Greek start-up culture battles the country’s brain drain
Greece has now been in crisis for a decade. Since sliding into recession in 2008, it has seen its annual output collapse by about a quarter. Its unemployment rate has been above 20 per cent for more than five years. Close to a half a million Greeks, mostly those with the best education and career prospects, have left the country to seek their fortunes elsewhere.
There have been few rays of hope to cling to in this dark period. One of them has been the steady emergence of the Greek start-up ecosystem. In the years since four EU-backed venture capital funds started operating in early 2013, there have been notable successes, including multimillion dollar investment rounds and buyouts by major global companies.
One active player in the Greek start-up scene has been Stavros Messinis, founder of CoLab, a co-working space in Athens, in 2009 and, in 2013, another space known as the Cube.
“We’re currently hosting around 20 companies. They are mainly software tech companies but we have one or two hardware companies, a software agency and even a company that makes trendy handbags,” Messinis says.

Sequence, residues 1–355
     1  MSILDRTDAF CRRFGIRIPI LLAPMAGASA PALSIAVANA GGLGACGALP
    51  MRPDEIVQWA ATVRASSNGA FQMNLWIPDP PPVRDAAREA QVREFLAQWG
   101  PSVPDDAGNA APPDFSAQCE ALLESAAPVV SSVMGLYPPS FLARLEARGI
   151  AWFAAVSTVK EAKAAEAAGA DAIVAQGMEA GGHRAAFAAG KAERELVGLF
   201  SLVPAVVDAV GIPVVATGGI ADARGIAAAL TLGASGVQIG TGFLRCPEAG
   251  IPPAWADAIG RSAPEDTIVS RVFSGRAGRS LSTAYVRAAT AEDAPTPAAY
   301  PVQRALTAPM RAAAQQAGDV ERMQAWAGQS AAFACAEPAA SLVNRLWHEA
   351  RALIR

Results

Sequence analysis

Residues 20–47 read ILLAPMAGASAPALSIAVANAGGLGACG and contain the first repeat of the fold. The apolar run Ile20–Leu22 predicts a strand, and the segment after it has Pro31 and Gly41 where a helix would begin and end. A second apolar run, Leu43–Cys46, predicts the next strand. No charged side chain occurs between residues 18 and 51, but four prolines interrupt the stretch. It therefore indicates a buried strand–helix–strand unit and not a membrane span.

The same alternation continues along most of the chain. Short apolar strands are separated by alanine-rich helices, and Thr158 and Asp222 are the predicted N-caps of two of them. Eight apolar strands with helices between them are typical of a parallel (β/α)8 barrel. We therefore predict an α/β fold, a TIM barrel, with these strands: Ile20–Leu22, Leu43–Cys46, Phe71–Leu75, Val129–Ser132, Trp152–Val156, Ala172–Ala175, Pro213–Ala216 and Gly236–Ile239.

“We offer them facilities to work from, mentoring and other services such as legal and accounting. The fact that they’re together in a shared office means they help each other out.”
Technology hub Found.ation, co-founded by Dimitris Kalavros-Gousiou, takes “a very pragmatic approach” in building new ventures. The team comprises business developers, operators, senior technologists, marketing and fundraising experts, he says.
Kalavros-Gousiou (29) has been involved in the Greek start-up scene for much of the last decade. “Our main priority is to choose people over ideas, and teams over individuals,” he says. “We sit down with teams, and we try to examine their culture, thesis and ethics.” Over the past five years the Greek start-up sector “has matured dramatically”.
We chose to do something in a rather run-down part of the city because rent was low and we felt we could do something to uplift things
Messinis says the euphoria that comes after a successful investment in a local tech company is often followed by a “real slump”.
One such slump was the introduction of capital controls in the summer of 2015, after the failure of negotiations between the Tsipras government and the country’s official creditors. In such times, Messinis explains, a “major challenge is the significant brain drain. Most developers worth their salt will emigrate during a funding slump when entrepreneurs aren’t being funded and hence can’t hire them. While the universities produce very good talent, there’s a limited supply of techies with project experience.”
One organisation that has focused on reversing the brain drain is Reload Greece, founded as an educational charity in London in 2012.